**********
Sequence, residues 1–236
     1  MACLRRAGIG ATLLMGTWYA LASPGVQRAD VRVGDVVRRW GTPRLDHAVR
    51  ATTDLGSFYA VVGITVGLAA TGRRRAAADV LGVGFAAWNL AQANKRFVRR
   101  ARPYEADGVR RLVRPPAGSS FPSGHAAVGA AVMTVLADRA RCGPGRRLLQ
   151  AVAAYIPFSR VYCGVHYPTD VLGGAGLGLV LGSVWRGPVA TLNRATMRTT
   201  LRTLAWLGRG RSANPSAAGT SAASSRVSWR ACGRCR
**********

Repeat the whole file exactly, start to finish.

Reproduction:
Sequence, residues 1–236
     1  MACLRRAGIG ATLLMGTWYA LASPGVQRAD VRVGDVVRRW GTPRLDHAVR
    51  ATTDLGSFYA VVGITVGLAA TGRRRAAADV LGVGFAAWNL AQANKRFVRR
   101  ARPYEADGVR RLVRPPAGSS FPSGHAAVGA AVMTVLADRA RCGPGRRLLQ
   151  AVAAYIPFSR VYCGVHYPTD VLGGAGLGLV LGSVWRGPVA TLNRATMRTT
   201  LRTLAWLGRG RSANPSAAGT SAASSRVSWR ACGRCR